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Inherent Vice and the Modern Audience’s Ambiguity Problem

Photo: Ghoulardi Film Company

If you do a little diving into the reviews for Paul Thomas Anderson’s new, highly misunderstood adaptation of the similarly virtuosic novel by Thomas Pynchon, Inherent Vice, bells start ringing. The movie is “stoned, a “twisty tale” that takes “foggy turns,” has “stoner vibes”; “nothing coheres,” there’s “more style than substance”; it’s “meant to be experienced more than fully understood”; “impenetrable,” “meandering,” “gnarled and goofy,” “less coherent than Pynchon.” The curtain goes up, and a whole chorus of critics can be seen throwing up their hands. Naysayers neigh that they can’t follow the story, and so they are bored, or else frustrated, by their listlessness, which they pin to the movie. They say it’s just the drugs talking, as this is a movie about drugs. They ask, what is Inherent Vice even about?

In fact, Inherent Vice — a movie that broadly tells the story of a private investigator (Joaquin Phoenix) looking into a case on the behest of his ex-girlfriend, and all the characters he meets along the way — makes perfect sense, is organized like the walk-in closet of an obsessive, and is one of the season’s most subtextually significant movies. The problem isn’t with this movie; it’s with how we watch movies, and absorb narratives, in 2015.

Pynchon’s work is regarded as “difficult.” This is misleading. He’s one of our funniest writers and a beautiful stylist; his characters sometimes exist for only a sentence, but they’re among the most fully rendered in literature. Pynchon isn’t difficult because you can just skate along the grooves of his language and have a ball, even if you never breach the murk underneath. Instead, he’s difficult to understand in the way that we demand of our fictional narratives. And Anderson’s adaptation is the same way. 

Increasingly, we’ve become a culture that insists on resolution and explanation from our stories. We need to know who did it as immediately as possible. We need to know how True Detective ends, even before we’re halfway through the goddamn season. We need to know if the science is right in Interstellar, and why the characters in Game of Thrones, a show set in a world that contains dragons, are so mean to each other. Ambiguity has become like the Postal Service: We tolerate it only when absolutely necessary. Less and less are we content to be told a story; more and more we want to tell that story ourselves, showing that we get it, we got it, we figured it out.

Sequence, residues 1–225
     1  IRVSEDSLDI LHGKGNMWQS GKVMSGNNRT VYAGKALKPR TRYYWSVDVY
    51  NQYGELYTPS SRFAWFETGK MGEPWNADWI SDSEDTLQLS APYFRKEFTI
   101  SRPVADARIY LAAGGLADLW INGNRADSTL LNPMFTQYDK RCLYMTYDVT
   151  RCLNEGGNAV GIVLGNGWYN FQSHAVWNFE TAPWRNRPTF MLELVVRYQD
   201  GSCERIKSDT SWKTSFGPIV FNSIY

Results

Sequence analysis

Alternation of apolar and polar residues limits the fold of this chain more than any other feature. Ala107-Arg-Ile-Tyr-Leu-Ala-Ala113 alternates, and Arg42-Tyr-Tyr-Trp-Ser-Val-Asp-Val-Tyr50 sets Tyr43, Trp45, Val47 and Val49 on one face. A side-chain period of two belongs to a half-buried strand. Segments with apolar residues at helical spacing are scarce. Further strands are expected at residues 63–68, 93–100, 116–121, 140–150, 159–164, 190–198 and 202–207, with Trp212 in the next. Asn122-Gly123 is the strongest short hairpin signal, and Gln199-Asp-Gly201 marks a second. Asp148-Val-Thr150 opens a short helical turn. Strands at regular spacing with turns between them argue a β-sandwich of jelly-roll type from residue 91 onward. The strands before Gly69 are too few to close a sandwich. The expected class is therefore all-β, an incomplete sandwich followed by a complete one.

Reality doesn’t work like this. In reality, the amount we do not understand, and aren’t aware of, is so overwhelmingly larger than the amount we can grasp that, as proto-civilizations, we had to fabricate stories to help ourselves mentally exist. We kept doing this — telling stories — but in many cases, we didn’t change the way we told them, even though the amount of information we had about the world continued to grow. The way we tell these stories still works, of course, particularly in the pursuit of drama and comedy, theatrical concepts that have been more or less understood since Aristotle. But Pynchon and Anderson are after something a little different. They certainly aren’t alone in this, but considering their status in their respective fields, their search for it is notable. They’re trying to understand the unknown, and that requires a different kind of narrative. 

Pynchon’s subject, and therefore Anderson’s, in Inherent Vice is the sheer extent to which we are powerless and ignorant in a world that could destroy us at any second, and, if we’re being honest, probably is. It’s nihilism, countered by faith in a sort of benign pleasure: love, booze, and easy drugs — the promise of the ’60s, a promise unfulfilled, even crushed. As subplots and sub-subplots burst and contract around Phoenix’s Doc Sportello — who almost never impacts any of the stories himself; he’s a receptacle, a vessel — Pynchon and Anderson show us America: a country full of weird people acting in their own self-interest, often erratically and inexplicably; a country where the most powerful exert their influence without us even knowing they are there; a country where the most unbelievable and far-fetched conspiracies frequently turn out to be real. 

It’s very hard to do this kind of storytelling because, to ring true, a narrative that rides on symbolism and signifying has to be so spot-on that it resonates even without the dramatic, emotional beats that we’re used to, or with those traditional points of connection scattered to the wind. Inherent Vice does this beautifully, with wonderful acting, evocative photography, and ingenious world-building. Just stop trying to understand it, as though it’s a math equation or an Ikea manual, and you’ll understand it.

Inherent Vice and Audience’s Ambiguity Problem